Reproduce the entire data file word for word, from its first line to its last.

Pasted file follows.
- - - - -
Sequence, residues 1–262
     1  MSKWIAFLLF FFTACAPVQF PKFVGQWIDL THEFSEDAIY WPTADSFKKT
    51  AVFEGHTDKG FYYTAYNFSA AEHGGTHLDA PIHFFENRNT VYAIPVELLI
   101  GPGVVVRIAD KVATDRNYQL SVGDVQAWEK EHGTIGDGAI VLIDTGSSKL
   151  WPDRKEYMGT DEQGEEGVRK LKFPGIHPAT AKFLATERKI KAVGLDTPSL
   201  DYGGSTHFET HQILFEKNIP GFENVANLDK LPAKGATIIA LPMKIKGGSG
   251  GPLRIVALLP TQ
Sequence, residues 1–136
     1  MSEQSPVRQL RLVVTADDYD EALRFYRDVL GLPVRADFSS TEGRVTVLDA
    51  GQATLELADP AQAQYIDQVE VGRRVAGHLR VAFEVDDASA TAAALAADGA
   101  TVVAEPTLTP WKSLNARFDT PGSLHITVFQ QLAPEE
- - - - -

Sequence, residues 1–262
     1  MSKWIAFLLF FFTACAPVQF PKFVGQWIDL THEFSEDAIY WPTADSFKKT
    51  AVFEGHTDKG FYYTAYNFSA AEHGGTHLDA PIHFFENRNT VYAIPVELLI
   101  GPGVVVRIAD KVATDRNYQL SVGDVQAWEK EHGTIGDGAI VLIDTGSSKL
   151  WPDRKEYMGT DEQGEEGVRK LKFPGIHPAT AKFLATERKI KAVGLDTPSL
   201  DYGGSTHFET HQILFEKNIP GFENVANLDK LPAKGATIIA LPMKIKGGSG
   251  GPLRIVALLP TQ
Sequence, residues 1–136
     1  MSEQSPVRQL RLVVTADDYD EALRFYRDVL GLPVRADFSS TEGRVTVLDA
    51  GQATLELADP AQAQYIDQVE VGRRVAGHLR VAFEVDDASA TAAALAADGA
   101  TVVAEPTLTP WKSLNARFDT PGSLHITVFQ QLAPEE